April 20, 2018
/Film Does the #FilmStruck4: Here are the Four Movies That Define Us
If you follow filmmakers and film critics on social media, you’ve probably already encountered the #FilmStruck4. Initiated by Filmstruck, the streaming service dedicated to classic and arthouse films, the hashtag challenges you to pick the four films that “define” you. And now everyone is chiming in.
So the /Film staff decided to participate as well, but do so on a slightly larger scale. We have all come together to share the four movies that “define” us. Specifically, we’re sharing the four movies that define our taste and love of cinema, not necessarily our favorite movies of all time (we’ve got that covered elsewhere).
What four films define you? Definitely chime in with a comment after you check out our selections!
The Empire Strikes Back
Not only is this my favorite Star Wars movie of all time, it’s one of my favorite movies ever. My fandom for Star Wars began when I was a kid and has lasted well into my adult years. It’s ebbed and flowed with the quality of the movies and TV shows that have poured from Lucasfilm, but my love for the original trilogy has always been consistent. I remember bringing my VHS copies of Star Wars, The Empire Strikes Back and Return of the Jedi with me to the houses of my friends and family.
But it was always The Empire Strikes Back that I wanted to watch the most. My favorite childhood memory to this day is when my parents got me and 10 of my friends out of school early on the exact day of my birthday to see the first showing of The Empire Strikes Back: Special Edition (the movie that’s probably tainted the least by George Lucas’ “enhancements” to the original trilogy). It’s a comfort movie, it’s exactly what blockbuster sequels should aspire to be, and it’s always inspired my continued love for cinema.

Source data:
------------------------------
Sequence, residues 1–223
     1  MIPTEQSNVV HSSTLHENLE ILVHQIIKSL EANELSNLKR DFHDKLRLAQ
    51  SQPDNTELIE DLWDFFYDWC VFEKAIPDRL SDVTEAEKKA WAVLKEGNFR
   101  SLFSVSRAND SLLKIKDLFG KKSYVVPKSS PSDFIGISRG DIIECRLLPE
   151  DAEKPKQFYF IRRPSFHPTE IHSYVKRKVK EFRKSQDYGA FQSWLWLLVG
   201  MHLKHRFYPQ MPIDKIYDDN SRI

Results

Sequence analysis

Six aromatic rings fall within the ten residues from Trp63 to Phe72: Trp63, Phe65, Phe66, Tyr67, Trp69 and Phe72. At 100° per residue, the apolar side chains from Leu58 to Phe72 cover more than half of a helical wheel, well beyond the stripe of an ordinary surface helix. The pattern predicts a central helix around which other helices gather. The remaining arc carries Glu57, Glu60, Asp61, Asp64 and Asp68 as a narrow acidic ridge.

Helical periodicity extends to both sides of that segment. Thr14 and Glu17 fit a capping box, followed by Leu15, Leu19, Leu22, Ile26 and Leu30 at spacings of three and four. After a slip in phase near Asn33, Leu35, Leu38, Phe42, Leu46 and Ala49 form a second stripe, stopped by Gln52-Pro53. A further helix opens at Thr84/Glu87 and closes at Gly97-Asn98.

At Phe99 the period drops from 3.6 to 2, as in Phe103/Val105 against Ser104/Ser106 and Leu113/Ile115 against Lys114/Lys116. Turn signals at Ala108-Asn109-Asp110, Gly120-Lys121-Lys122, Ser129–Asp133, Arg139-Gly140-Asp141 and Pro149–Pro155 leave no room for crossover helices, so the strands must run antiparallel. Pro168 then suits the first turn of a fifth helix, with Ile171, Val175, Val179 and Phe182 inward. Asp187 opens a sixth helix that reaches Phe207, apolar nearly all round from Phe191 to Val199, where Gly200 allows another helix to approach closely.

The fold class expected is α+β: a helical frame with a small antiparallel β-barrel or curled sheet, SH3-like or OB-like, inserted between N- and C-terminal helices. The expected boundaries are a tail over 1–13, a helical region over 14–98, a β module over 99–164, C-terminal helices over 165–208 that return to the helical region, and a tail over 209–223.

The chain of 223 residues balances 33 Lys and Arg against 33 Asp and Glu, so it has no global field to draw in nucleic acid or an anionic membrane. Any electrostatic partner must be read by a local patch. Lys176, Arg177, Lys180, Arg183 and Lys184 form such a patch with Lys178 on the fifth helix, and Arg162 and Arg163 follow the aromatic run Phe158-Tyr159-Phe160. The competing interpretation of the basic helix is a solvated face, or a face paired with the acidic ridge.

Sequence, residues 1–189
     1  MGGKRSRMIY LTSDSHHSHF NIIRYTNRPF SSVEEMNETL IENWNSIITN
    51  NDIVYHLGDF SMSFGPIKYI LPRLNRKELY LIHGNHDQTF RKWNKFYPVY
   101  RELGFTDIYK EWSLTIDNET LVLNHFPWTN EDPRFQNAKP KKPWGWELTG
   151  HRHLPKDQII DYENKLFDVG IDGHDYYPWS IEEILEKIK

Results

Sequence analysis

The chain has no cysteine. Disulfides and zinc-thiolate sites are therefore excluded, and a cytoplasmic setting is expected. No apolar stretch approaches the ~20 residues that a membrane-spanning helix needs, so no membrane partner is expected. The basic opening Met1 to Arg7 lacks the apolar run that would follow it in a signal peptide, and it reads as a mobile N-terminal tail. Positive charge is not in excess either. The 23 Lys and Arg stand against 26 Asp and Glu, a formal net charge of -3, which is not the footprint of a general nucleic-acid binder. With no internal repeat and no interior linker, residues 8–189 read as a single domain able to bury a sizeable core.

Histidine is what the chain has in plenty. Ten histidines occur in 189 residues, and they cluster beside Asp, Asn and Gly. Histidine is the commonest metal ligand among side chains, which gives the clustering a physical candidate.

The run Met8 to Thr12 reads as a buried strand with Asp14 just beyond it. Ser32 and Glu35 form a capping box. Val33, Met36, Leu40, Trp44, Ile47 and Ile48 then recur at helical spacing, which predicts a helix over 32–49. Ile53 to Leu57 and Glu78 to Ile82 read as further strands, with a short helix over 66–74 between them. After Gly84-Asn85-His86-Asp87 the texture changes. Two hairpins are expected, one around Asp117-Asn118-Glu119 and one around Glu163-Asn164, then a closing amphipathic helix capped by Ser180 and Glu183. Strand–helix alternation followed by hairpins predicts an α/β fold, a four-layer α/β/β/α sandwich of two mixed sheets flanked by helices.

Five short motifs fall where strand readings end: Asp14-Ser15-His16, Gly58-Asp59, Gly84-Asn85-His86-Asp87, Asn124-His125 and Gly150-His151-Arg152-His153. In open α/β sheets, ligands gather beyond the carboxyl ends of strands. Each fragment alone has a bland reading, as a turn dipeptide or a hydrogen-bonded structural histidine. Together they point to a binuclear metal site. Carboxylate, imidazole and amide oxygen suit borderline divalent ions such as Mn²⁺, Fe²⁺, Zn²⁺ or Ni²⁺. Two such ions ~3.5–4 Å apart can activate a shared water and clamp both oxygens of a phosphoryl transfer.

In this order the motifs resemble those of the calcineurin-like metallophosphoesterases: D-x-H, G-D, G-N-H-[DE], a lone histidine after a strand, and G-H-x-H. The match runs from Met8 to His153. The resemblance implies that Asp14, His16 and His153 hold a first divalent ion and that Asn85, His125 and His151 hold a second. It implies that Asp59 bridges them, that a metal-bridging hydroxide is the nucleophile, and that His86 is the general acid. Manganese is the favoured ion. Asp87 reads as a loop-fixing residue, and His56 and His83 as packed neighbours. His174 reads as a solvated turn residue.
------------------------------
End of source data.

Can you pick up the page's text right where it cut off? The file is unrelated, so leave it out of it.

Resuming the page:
It can be extremely difficult to blend high concepts and comedy, but Ghostbusters was one of the first movies to bring expert comedians together for a movie that had such an intriguing premise and do so in such an immensely satisfying way. Ghostbusters shaped my comedy tastes and also my penchant for injecting humor into even the most tense situations. I’m the smartass that I am today thanks to the sarcasm of Bill Murray as Dr. Peter Venkman influencing me as a child. And I also still like a little comedy in my blockbusters thanks to the seamless mix of genres in Ghostbusters.
The early ’00s saw me enter high school and thus my taste in movies started to evolve. Almost Famous was one of the first movies to instill a newfound passion for filmmaking in my very soul. Even though Almost Famous is about a young aspiring rock journalist, I found myself dreaming of how cool it would be to have that kind of job in the film industry. Being behind the scenes of movies, watching my favorite directors work, talking to the very people who made my life magical with their movies. As my career as an entertainment news reporter/blogger became a surprising reality, this movie came to mean even more to me, and it’s a milestone movie that has defined both my career and my life.
Eternal Sunshine of the Spotless Mind
While Almost Famous opened up my mind to filmmaking in new ways, it was Eternal Sunshine of the Spotless Mind that started to spark my interest in new kinds of movies. Because this was a Focus Features movie, the trailers that played before Eternal Sunshine were all for indie movies that I suddenly felt an inherent desire to see. This turning point is what got me to start exploring films outside of my comfort zone and truly immerse myself in any and every kind of movie.
Furthermore, on an even more personal note, the hopeless romantic core at the center of this movie has been integral in helping me sort through the complications of relationships and emotions. We’ve all either been Joel or Clementine or we’ve dated Joel or Clementine, and director Michel Gondry crafted a genuine presentation of these relationships. The premise also allows a unique perspective where we can look at ourselves and our relationships and experience them in a new light, learning something about ourselves and the people we love. For me, few movies have ever come close to being as emotionally impacting and meaningful as Eternal Sunshine of the Spotless Mind.